What was it like to grow up German during Hitler’s Third Reich? In this extraordinary book, Frederic C. Tubach returns to the country of his roots to interview average Germans who, like him, came of age between 1933 and 1945. Tubach sets their recollections and his own memories into a broad historical overview of Nazism—a regime that shaped minds through persuasion (meetings, Nazi Party rallies, the 1936 Olympics, the new mass media of radio and film) and coercion (violence and political suppression). The voices of this long-overlooked population—ordinary people who were neither victims nor perpetrators—reveal the rich complexity of their attitudes and emotions. The book also presents selections from approximately 80,000 unpublished letters (now archived in Berlin) written during the war by civilians and German soldiers. Tubach powerfully provides new insights into Germany’s most tragic years, offering a nuanced response to the abiding question of how a nation made the quantum leap from anti-Semitism to systematic genocide.

Google Books: https://books.google.com/books?id=wrnMG ... &q&f=false

I have this in PDF. -- Haven

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Haven
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Re: Recommended Reading

Post by Haven » 29 Oct 2015 17:56

Haven wrote:Image

Suicide in Nazi Germany

by Christian Goeschel

The Third Reich met its end in the spring of 1945 in an unparalleled wave of suicides. Hitler, Goebbels, Bormann, Himmler and later Goering all killed themselves. These deaths represent only the tip of an iceberg of a massive wave of suicides that also touched upon ordinary lives. As this suicide epidemic has no historical precedent or parallel, it can tell us much about the Third Reich's peculiar self-destructiveness and the depths of Nazi fanaticism.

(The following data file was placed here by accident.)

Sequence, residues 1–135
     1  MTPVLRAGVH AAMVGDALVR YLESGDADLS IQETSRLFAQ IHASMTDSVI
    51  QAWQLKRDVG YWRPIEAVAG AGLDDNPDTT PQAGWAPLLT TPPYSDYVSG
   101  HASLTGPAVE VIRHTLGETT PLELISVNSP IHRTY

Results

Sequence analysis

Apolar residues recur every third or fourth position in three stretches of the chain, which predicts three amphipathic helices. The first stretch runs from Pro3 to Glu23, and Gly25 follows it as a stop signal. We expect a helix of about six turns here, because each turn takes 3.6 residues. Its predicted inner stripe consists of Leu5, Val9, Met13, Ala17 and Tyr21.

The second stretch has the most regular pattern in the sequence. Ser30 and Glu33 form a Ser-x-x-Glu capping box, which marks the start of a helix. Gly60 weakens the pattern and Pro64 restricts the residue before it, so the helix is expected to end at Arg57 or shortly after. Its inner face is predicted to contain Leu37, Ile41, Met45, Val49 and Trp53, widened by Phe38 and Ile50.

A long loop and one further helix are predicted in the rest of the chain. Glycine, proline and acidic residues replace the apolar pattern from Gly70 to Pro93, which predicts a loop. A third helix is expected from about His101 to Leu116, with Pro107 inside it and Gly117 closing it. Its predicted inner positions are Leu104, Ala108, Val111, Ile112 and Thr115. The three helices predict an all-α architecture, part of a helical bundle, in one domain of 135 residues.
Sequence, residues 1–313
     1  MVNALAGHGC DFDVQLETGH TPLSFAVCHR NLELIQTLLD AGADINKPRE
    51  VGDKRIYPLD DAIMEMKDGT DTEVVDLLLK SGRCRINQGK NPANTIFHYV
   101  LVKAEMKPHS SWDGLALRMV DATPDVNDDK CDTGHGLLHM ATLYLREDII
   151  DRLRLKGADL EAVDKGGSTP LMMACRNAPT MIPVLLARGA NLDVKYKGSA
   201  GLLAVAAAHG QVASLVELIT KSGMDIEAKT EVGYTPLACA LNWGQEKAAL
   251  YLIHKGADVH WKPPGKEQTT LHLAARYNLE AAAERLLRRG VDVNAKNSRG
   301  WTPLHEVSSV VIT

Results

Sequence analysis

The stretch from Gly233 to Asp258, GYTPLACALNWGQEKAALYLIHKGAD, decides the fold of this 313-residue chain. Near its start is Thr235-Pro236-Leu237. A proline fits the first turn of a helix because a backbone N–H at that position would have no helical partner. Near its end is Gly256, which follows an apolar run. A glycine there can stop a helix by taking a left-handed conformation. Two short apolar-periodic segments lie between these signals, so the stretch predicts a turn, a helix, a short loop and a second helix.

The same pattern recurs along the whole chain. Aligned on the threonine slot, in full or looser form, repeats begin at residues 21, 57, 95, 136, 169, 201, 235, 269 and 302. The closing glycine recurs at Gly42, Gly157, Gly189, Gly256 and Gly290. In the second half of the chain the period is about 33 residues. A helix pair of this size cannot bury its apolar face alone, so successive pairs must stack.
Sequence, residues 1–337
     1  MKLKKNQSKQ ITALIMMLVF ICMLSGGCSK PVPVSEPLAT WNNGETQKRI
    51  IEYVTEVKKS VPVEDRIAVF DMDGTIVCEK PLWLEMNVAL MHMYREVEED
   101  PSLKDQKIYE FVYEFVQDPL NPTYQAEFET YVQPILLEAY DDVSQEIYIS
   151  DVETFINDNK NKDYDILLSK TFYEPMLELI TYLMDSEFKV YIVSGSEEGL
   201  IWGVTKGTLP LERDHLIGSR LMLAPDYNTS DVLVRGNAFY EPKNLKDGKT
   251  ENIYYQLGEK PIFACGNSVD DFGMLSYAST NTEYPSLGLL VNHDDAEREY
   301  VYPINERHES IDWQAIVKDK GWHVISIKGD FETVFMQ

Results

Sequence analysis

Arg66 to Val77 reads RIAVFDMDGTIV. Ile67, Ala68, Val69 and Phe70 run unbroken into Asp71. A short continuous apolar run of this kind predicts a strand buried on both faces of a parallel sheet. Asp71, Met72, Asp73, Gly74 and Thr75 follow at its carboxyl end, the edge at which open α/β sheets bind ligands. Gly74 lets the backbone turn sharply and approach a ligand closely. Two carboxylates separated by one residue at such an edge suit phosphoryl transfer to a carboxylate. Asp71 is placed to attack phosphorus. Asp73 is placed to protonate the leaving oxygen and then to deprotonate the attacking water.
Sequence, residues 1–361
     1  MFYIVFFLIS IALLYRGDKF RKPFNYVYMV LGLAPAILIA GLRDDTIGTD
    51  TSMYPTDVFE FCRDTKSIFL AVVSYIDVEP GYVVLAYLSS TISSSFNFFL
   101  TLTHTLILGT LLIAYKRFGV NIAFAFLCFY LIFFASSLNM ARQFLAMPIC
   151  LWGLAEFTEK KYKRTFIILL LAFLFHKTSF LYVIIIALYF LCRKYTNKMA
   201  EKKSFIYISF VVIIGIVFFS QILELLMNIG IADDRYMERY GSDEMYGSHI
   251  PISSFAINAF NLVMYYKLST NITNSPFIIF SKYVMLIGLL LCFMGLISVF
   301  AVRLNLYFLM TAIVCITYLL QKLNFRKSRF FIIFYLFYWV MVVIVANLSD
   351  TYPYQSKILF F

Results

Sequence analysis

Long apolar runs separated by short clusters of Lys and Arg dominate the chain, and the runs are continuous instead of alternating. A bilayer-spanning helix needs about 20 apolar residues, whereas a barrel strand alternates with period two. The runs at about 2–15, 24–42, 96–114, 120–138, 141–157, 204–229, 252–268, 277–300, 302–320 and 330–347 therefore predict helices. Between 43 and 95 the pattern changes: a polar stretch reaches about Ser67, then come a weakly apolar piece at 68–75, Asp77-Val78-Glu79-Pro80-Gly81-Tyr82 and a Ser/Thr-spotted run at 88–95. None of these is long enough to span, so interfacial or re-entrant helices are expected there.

Christian Goeschel looks at the suicides of both Nazis and ordinary people in Germany between 1918 and 1945, from the end of World War I until the end of World War II, including the mass suicides of German Jews during the Holocaust. He shows how suicides among different population groups, including supporters, opponents, and victims of the regime, responded to the social, cultural, economic and, political context of the time. He also analyses changes and continuities in individual and societal responses to suicide over time, especially with regard to the Weimar Republic and the post-1945 era.

Richly grounded in gripping and previously unpublished source material such as suicide notes and police investigations, the book offers a new perspective on the central social and political crises of the era, from revolution, economic collapse, and the rise of the Nazis, to Germany's total defeat in 1945.